Like the argan tree, cedar is an emblematic tree in Morocco. The most famous and dense cedar is undoubtedly that of d'Azrou, even if we find this tree in the forests of the Middle Atlas and the High Atlas. With a height of up to forty meters, the cedar of Morocco differs from its cousin of Lebanon in that its branches are shorter. He has accompanied over the centuries the history of the kingdom and the various dynasties that followed. If we still appreciate cedar masterpieces dating back several centuries, it is thanks to its immense resistance to time, which can be explained in particular by the powerful essences that the wood releases, acting as a insect repellent. From the nineteenth century, appears with the Idrissids, a style of woodwork inspired by the East, where dominate large Persian leaves. From the XIth to the XIIIth centuries, the Almoravids and Almohads introduced Hispano-Moorish art. But the work of this wood, reaches its peak between the XIVth and theXVth centuries. Cedar is everywhere, both in civil buildings (palaces, hospitals, etc.) and in religious monuments (medersas, zaouias, mosques, etc.). Houses are also invested: tables, benches, jewel cases, ceiling, cedar is a popular material, including for everyday objects. Modern works such as the Hassan Tower in Rabat or the Casablanca Hassan II Mosque still use this "green gold" today, allowing Maâlems (master craftsmen) to express their art and creativity.
Hospitality in Morocco is sacred. When a family receives guests, they are comfortably installed in the large lounge reserved for the occasion on sofas. After serving the traditional mint tea, which respects a specific process, often accompanied by sweets, comes the time of the heartyand delicious meal shared by all the guests in a unique dish. It begins with an invocation to God's grace, "Bismillah", and then ends with a "Hamdullilah" (mark of gratitude to God). The meal is tasted with the right hand which holds the bread so to dig into the dish. The left hand is considered impure, it is generally used to clean the body. If you do not have the opportunity to have direct contact with Marrakchie families, you will still feel the hospitality of the merchants of the medina. And this can take different forms: a glass of tea that you are offered or the sharing of the dish he is enjoying. Refusing is perceived as an offense, so let yourself be tempted by the delicious scent of tea combined with mint. It is also an opportunity to meet people and learn more about Moroccan culture.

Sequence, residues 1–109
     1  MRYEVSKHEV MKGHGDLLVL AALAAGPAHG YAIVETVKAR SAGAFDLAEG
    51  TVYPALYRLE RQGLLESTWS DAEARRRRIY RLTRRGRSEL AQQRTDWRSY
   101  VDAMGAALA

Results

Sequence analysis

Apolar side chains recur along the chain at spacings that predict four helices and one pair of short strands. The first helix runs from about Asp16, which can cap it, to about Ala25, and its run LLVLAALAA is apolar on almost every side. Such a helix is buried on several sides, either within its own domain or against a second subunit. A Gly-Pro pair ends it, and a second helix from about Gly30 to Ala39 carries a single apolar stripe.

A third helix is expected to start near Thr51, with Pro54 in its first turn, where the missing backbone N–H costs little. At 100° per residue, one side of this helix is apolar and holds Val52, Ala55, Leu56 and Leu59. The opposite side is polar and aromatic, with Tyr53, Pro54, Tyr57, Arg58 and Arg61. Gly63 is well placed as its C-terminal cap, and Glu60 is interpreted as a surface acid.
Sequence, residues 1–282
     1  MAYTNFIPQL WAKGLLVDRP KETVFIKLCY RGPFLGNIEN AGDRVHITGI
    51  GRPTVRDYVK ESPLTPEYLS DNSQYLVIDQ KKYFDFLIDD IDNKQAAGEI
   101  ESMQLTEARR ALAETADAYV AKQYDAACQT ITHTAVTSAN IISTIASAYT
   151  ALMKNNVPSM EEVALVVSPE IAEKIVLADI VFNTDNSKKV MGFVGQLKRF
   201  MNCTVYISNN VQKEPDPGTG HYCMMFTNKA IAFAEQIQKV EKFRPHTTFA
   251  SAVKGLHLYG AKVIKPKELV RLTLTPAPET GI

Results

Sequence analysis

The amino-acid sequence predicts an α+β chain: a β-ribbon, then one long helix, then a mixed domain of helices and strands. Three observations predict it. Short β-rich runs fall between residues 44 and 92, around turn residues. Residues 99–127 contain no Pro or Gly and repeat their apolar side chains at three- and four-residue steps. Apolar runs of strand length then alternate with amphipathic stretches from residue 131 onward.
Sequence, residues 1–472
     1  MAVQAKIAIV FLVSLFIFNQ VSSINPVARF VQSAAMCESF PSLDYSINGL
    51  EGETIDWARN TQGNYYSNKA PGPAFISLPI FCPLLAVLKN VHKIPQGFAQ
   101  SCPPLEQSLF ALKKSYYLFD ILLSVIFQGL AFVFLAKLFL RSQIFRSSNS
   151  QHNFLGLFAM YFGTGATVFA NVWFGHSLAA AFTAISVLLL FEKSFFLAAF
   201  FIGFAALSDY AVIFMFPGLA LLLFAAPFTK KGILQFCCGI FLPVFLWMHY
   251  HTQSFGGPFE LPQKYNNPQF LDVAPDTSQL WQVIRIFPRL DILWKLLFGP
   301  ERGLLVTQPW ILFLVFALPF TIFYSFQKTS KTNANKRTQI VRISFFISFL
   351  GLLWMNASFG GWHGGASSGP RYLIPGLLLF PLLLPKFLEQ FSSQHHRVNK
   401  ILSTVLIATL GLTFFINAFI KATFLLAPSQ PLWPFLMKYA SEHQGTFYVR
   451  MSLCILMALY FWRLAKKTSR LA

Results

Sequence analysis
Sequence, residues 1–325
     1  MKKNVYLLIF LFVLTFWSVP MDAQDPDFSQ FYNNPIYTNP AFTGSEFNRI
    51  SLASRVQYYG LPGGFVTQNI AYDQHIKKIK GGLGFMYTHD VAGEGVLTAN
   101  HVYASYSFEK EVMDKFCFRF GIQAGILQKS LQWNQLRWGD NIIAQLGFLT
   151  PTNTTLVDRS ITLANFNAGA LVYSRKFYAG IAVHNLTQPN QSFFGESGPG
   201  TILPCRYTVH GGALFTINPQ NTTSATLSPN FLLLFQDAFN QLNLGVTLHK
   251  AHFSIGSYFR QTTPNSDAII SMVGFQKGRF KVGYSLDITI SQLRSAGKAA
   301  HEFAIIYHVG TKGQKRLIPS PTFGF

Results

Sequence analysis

Marrakesh is one of the rare cities to keep carriages as means of transport. This kind of transport is used for 200 years in this Moroccan city. Several carriages richly decorated crisscross, at the same time, the lanes of the Medina, and the paths of olive grove and the palm grove to become part of a decoration and the most expressive curiosities of Marrakech. To see them circulating quietly in streets, we got a big desireto borrow one and make a beautiful stroll. Indeed they allow you to visit easily the main remarkable sights of the city.
The ritual of mint tea is an essential tradition in Morocco. The tea, distributed by the English who held the trade, was adopted in Tangier before going around the Arab world. The art of tea is almost as ceremonial as in Japan. Each region of Morocco has its method of preparation, even if the infusion of black tea leaf in boiling water, then added mint leaves remains the basic preparation. Large quantities of sugar are added, it is a Tuareg tradition to fight against extreme heat of the desert. The consumption of tea requires a copper tray and tea equipment (a teapot, tea glasses, a tea box, a sugar box, a kettle). The master of the house tastes the tea, and serves it by simultaneously using two teapots to fill the glasses by pouring the beverage from very high. Any occasion is good for making tea during the day, and it is consumed at any time. It is the drink that Moroccans offerto the guests. It is the most refined expression of Arab hospitality. It can also be served before the meal, as an appetizer. After a meal, it's time for chatter and well-being.